Container Garden Update — July 24, 2016

by A.J. Coltrane

Previous post here. July 26, 2015 post here. July 27, 2014 post here.  July 28, 2013 post here.

A quote from the 2015 post:

2013 total weight to date:  24.6 pounds

2014 total weight to date:  22.3 pounds

2015 total weight to date:  56.4 pounds

I believe we’re at less than ten pounds of produce so far this year. My guess is that 2015 was the “sunny and hot” outlier, and that 2016 is the “cool and cloudy” outlier…  The weather this week is supposed to be sunny and warm, so hopefully the yield will start to look a little more normal soon.

I think the pictures this week are similar to last week’s — only a few peppers are really starting to show color.

The overview:

160724 overview

The “Marketmore” cucumbers:

160724 cucumber

The “bit of color” — Gypsy peppers:

160724 pepper


“Verde” Tomatillos — the fruits are starting to fill the husks:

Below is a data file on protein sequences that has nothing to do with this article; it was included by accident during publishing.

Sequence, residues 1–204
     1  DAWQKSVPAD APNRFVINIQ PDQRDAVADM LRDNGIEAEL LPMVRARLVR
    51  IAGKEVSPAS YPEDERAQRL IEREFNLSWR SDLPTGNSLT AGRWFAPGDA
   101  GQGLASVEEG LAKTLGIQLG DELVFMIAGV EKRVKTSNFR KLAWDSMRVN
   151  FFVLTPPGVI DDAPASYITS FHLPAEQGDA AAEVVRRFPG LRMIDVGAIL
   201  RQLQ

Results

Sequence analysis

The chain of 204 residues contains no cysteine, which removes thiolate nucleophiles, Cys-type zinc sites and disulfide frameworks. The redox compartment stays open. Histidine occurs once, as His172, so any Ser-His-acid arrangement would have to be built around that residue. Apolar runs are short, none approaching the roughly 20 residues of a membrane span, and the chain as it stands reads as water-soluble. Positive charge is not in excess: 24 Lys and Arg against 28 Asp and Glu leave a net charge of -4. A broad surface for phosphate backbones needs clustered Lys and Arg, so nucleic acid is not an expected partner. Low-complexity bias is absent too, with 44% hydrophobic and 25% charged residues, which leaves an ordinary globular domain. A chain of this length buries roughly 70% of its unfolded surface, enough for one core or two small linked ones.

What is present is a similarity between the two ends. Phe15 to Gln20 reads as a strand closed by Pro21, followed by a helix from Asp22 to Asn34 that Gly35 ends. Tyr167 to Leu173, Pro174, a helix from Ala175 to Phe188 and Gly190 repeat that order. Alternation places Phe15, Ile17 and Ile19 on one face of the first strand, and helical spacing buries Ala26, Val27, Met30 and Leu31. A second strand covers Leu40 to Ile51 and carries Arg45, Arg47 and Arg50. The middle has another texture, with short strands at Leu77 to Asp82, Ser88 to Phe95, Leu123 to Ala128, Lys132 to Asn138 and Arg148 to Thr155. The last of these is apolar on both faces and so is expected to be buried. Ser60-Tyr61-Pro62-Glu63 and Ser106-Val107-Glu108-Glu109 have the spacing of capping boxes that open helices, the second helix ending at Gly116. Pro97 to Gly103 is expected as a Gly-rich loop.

160724 tomatillo

Basil and Marigolds:

160724 basil and marigold


Visit Dave at Ourhappyacres, host of Harvest Monday.

Container Garden Update — July 17, 2016

by A.J. Coltane

Previous post here.  July 19, 2015 post here. July 27, 2014 post here.  July 21, 2013 post here.

We’ve been thinning out some of the Tromboncino zucchini with the idea that the plant only has a finite amount of energy to pour into fruits.

A photo of a few small zucchini and the first cucumber:

160717 harvest

I tried to bend the Tromboncino over the top of the 8′ trellis. I’ve done it in previous years. This time I bent a little too hard, and the plant now has a 90 degree angle turn at the top. Hopefully it won’t die above that point:

160717 tromboncino

Some of the basil became part of a pizza Margherita:

63% hydration, 3% oil. Last year's frozen "assorted tomatoes" as sauce.

63% hydration, 3% oil. Last year’s frozen “assorted tomatoes” as sauce.

The Basil plants pose with Marigolds. Peppers back left, cucumbers back right:

160717 basil

The Taxi are getting close:

160717 taxi

The Tomatillos continue to produce huge husks:

160717 tomatillo

The Jersey Knight asparagus and strawberries now have a fence between them and the weeds. The strawberries came with the house. They were in a bad location, so we moved them. They’re loving the new place it seems:

160717 strawberry asparagus